Mexican Huaraches: Understanding the Fascinating History of Mexican Sandals

A summer wardrobe is incomplete without a pair of Mexican huaraches. But did you know that these sandals are a part of the pre-Columbia Meso American life? They have survived despite conquistadors destroying many aspects of native culture. If you plan to buy huaraches Mexican shoes, here’s a short history of these beautiful sandals.

The Origin

Huaraches are believed to originate from the states of Jalisco, Michoacan, and Yucatan. The name originates from the Tarascan word ‘kwarachi,’ referring to the local word for handwoven shoes. These sandals were worn mainly by indigenous communities and made using untanned deer leather.

After Colonization

Around the 20th century, these sandals became popular throughout Mexico when farmworkers and people in rural communities began making them using tire treads and handmade leather. As Europeans introduced tanning, cattle leather also became a popular material.

Over the years, huarache designs became more complex and artistic. They also symbolized the wearer’s social strata. While the poor and daily wage earners made simple designs using basic materials, the middle and upper-class wore fancier versions.

Then, because of the 1960s hippie culture, Mexican huarache sandals became popular in the United States and have been the go-to summer style ever since. They are so well-known that Nike even launched a collection of shoes named after the Mexican sandal when they created their Air Huaraches. The term has since been appropriated by several American brands, including Urban Outfitters.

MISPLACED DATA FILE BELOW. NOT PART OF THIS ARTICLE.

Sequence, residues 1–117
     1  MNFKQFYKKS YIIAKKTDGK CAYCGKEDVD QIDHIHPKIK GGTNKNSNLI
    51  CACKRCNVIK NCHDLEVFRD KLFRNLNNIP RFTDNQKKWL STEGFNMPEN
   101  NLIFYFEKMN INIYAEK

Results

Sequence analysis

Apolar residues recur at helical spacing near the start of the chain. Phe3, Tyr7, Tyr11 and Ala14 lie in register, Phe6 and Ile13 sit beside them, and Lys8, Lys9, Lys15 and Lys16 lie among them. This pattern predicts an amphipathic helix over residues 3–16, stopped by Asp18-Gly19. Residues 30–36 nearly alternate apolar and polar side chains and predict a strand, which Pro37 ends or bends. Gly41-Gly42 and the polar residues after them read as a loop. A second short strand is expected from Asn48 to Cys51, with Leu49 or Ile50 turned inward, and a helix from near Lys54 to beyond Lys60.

Despite its rich history, many Mexican sandals you find today are cheap and factory-made versions with little or no detail. These poorer-quality sandals have driven down profits for artisans who have been handweaving them for generations.

Why Buy Huaraches Online?

However, some retailers are working to preserve this traditional art. Online retailers like Brand X Huaraches works with local artisans to create handwoven huaraches using a single strand of vegetable-tanned leather. Each huarache can take up to six hours to weave, but the resulting shoes are unique and durable. By buying huaraches from these online retailers, you support a historic artform and the artisans who work to keep it alive.

Why Are Huaraches Special?

Each huarache is handmade using only a knitting needle. The leather is vegetable-tanned and softened in oil overnight to make it pliable and durable. The intricately woven upper is hand-stitched instead of glued to the sole. While the cheap commercial sandals don’t last beyond one season, the handmade sandals can last a lifetime.

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Resource Box: The author regularly writes about Mexico and its handicrafts, including the Mexican huarache sandals.

Brand X Huaraches